Force needed on Syrian border, UN tells Lebanon
NEW YORK - The United Nations recently proposed to Lebanon the deployment of a force under civilian authority along its border with Syria to stop arms smuggling from Syria to Hezbollah. Senior officials at the UN told Haaretz that the intention is to establish an international force of unarmed observers, and that the Lebanese government has not rejected the idea.
Weapons smuggling from Syria remains one the most problematic issues, as far as Israel and the international community are concerned, since the second Lebanon war ended on August 14 last year. Although Security Council Resolution 1701 includes a pledge to enforce an arms embargo on the Syrian border, this has not been done, mainly due to opposition from Syria and Hezbollah. Intelligence officers in the Israel Defense Forces General Staff have said on a number of occasions that large-scale smuggling - mainly of rockets from Syria to Lebanon - is ongoing, and that Hezbollah might restore its prewar capabilities by May.
A UN delegation met two weeks ago with the head of the research division in Military Intelligence , Brigadier General Yossi Baidatz, who presented his findings to the group: Its members called them unequivocal in terms of the extent of arms smuggling from Syria to Hezbollah.
A few weeks ago, UN representatives presented the plan for the new observer group to Lebanese Defense Minister Elias Murr. Senior UN officials say Lebanese Prime Minister Fouad Siniora will not oppose it. The officials said Syrian consent is not required because the new body will not be armed.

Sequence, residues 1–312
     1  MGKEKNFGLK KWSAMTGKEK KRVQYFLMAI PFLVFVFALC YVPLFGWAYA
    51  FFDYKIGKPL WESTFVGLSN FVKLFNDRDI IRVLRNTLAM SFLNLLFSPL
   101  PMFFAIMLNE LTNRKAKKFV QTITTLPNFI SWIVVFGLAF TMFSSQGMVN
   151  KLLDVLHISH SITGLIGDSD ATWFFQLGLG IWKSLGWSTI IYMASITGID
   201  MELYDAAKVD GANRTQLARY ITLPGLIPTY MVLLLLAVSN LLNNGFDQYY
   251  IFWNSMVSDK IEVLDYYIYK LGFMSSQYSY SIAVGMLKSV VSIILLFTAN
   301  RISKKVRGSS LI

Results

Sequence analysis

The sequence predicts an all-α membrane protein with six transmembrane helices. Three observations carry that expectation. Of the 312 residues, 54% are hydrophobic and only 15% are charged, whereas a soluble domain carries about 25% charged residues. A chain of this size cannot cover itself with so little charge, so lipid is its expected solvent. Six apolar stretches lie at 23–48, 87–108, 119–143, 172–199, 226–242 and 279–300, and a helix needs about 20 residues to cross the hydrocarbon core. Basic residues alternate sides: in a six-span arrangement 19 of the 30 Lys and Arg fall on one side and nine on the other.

The UN plans to employ former UN workers and those of other international organizations in the new force. Germany recently sent a technical team to the area of the Syria-Lebanon border to check out the possibility for deploying observers there. In the mid-'90s, the UN deployed a similar force of civilian observers in Bosnia to enforce the cease-fire.
Hezbollah has complained to the UN about what it calls the over activity of UNIFIL (UN Interim Force in Lebanon) in southern Lebanon. The Shi'ite group claims UNIFIL is operating Armored Personnel Carriers in the south, conducting too many armed patrols and is also photographing Hezbollah activities.
About three months ago, a serious incident took place between Spanish UNIFIL troops and Hezbollah activists in the eastern sector of southern Lebanon. The UNIFIL troops stopped Hezbollah men carrying suspicious sacks. The sacks apparently contained weapons, although the UN declined to make an official comment on the incident.
The Hezbollah activists fled, but a few hours later another group came and demanded to be allowed to deliver the sacks to the Lebanese Army. UNIFIL's refusal incurred a physical response the next day: while on patrol, Spanish troops encountered explosives, which were easy to spot but apparently were intended to be a warning.
Senior UN officials concede that the lack of an observer force north of the Litani River in Lebanon allows Hezbollah operatives free reign in the region. However, south of the Litani Hezbollah maintains a lower profile due to the presence of UNIFIL and the Lebanese Army.
The UN also says that the situation in southern Lebanon is much better than it has been at any time in recent years: Hezbollah is careful not to station armed operatives openly and has not reestablished its positions along the border. Israel, say the UN officials, should now work to persuade Europe of the need for the new force along the Syrian border so that area as well will see improvement.
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